London, Jan 14 (ANI): A special election to fill Ted Kennedy's vacant Senate seat for Massachusetts has suddenly become a close contest, and opinion polls, give an outside chance to the Republican candidate.
Massachusetts, which the Democrats have won by an average margin of 33 per cent since 1972, has suddenly become a tough call with less than a week for the election.
Even a narrow loss for the Republicans, in what should be one of the safest Senate seats in the country, would be seen as disastrous for the Democrats, The Times reports.
Lt. Colonel (retired) Scott Brown, who is the Republican contender, has staged a spectacular late rally on his pledge to "send Health Bill back" to the Democrats who drafted it if he wins the election.
He still faces long odds. The polls showing him in a virtual dead heat with his rival, Martha Coakley, the state Attorney-General, were automated and less reliable than a Boston Globe survey conducted last weekend that gave her a 15-point lead.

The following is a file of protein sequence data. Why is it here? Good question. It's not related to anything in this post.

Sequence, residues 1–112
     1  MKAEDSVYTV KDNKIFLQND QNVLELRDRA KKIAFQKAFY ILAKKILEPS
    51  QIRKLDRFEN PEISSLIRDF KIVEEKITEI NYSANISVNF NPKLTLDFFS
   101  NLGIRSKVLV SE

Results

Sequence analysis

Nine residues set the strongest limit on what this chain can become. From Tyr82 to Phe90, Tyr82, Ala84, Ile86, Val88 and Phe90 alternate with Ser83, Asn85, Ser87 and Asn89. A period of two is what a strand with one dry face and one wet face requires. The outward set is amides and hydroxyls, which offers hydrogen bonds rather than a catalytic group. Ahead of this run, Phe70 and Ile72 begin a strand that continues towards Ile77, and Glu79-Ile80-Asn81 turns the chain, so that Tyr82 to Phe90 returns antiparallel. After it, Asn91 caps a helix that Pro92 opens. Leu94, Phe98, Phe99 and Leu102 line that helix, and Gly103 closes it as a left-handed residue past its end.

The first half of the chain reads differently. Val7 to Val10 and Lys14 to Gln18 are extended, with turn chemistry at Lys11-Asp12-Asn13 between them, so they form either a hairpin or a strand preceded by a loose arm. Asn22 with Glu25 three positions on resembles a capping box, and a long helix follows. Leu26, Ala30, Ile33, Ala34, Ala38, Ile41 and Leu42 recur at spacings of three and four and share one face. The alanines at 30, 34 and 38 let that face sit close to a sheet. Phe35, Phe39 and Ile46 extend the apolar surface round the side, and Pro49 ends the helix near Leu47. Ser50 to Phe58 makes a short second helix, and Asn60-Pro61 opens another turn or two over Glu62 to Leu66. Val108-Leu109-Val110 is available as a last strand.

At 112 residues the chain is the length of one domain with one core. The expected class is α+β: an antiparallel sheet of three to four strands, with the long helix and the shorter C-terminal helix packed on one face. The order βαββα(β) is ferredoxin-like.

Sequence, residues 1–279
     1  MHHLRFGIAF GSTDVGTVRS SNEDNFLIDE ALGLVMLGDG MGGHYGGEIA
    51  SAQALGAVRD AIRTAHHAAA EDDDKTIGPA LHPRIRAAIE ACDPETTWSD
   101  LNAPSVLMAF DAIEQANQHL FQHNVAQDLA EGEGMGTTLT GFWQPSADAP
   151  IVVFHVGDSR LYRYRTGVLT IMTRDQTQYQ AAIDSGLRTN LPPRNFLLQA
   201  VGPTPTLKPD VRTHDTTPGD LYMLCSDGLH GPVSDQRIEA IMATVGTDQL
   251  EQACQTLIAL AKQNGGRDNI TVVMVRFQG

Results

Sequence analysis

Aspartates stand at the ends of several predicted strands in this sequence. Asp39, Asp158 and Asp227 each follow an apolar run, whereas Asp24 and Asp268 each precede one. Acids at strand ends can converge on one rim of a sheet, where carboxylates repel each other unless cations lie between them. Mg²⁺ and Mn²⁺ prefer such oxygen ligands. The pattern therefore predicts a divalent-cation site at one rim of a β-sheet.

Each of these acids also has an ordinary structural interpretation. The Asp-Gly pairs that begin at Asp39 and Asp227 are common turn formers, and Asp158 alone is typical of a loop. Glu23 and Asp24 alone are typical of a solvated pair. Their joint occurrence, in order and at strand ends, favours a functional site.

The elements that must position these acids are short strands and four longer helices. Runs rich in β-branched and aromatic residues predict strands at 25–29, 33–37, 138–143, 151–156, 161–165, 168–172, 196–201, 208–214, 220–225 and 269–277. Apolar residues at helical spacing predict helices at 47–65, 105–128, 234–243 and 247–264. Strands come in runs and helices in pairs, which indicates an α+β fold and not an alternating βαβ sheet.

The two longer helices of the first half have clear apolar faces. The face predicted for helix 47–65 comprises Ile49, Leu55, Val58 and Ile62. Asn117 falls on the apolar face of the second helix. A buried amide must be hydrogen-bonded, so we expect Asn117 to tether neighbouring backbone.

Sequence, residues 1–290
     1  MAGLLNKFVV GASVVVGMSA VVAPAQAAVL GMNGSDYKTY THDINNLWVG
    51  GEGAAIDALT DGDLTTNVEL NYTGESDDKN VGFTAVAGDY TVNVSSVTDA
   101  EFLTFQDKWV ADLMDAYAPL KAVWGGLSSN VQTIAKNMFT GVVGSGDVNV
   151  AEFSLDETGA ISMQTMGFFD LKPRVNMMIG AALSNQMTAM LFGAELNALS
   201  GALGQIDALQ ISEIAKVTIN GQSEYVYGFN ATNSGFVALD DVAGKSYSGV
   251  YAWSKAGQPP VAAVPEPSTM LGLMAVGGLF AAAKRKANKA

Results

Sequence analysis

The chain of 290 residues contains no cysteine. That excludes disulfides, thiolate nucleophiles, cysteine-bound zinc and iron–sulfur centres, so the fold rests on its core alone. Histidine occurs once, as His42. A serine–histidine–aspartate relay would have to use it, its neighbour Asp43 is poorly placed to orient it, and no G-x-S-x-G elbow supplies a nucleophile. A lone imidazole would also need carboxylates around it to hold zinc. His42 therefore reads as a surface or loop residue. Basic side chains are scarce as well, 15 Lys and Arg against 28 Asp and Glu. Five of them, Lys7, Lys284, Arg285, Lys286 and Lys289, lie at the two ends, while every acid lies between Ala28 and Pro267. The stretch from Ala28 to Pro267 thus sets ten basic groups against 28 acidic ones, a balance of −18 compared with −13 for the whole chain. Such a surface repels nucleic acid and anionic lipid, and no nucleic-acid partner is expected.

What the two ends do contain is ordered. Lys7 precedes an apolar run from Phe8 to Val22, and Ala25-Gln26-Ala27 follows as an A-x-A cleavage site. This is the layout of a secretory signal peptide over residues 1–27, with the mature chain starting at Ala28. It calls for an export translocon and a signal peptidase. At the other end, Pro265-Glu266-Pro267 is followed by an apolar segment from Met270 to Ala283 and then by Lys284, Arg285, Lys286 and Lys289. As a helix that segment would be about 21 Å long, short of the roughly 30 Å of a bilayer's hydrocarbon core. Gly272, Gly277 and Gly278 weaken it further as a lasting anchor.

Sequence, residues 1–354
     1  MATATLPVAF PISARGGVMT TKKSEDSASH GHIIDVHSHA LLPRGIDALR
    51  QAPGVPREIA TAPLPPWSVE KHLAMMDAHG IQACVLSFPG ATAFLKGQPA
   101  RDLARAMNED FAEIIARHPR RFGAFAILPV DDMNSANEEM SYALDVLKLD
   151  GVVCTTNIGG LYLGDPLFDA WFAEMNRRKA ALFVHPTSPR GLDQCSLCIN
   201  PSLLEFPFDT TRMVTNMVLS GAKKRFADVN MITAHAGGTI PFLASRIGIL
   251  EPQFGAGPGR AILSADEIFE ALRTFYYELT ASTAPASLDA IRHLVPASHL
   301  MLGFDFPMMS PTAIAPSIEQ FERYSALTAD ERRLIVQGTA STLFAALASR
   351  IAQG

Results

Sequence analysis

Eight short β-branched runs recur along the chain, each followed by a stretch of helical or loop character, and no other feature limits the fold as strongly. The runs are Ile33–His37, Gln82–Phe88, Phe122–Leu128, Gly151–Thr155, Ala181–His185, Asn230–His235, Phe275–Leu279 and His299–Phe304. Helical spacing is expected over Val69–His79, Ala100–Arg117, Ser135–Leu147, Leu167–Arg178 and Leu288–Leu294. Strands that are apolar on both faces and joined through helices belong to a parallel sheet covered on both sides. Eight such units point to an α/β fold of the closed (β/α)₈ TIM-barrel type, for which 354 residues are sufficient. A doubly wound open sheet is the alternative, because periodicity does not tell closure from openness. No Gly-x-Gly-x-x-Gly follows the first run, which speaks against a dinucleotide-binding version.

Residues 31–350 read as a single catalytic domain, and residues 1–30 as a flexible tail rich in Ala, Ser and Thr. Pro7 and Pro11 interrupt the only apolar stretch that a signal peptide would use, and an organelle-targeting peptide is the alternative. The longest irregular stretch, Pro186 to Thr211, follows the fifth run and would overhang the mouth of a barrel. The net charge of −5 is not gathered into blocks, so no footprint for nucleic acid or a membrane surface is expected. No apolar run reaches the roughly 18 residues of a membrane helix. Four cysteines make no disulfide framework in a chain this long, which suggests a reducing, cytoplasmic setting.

Even so, strategists within the Democratic high command in Washington are so alarmed by the closeness of the race that they have pumped 500,000 dollars into a torrent of negative TV advertisement targeting Brown's voting record on abortion and have sent two veteran campaign managers to Boston to breathe life into Coakley's lacklustre campaign.
They have also persuaded Obama and Senator John Kerry, the most senior Massachusetts Democrat in Congress, to send fundraising e-mails to every registered Democrat in the state.
In private Ms Coakley has admitted finding Brown's poll surge "frightening". In public she has told supporters: "We do have a race. If we do not understand that we have a race, then we will not win it." (ANI)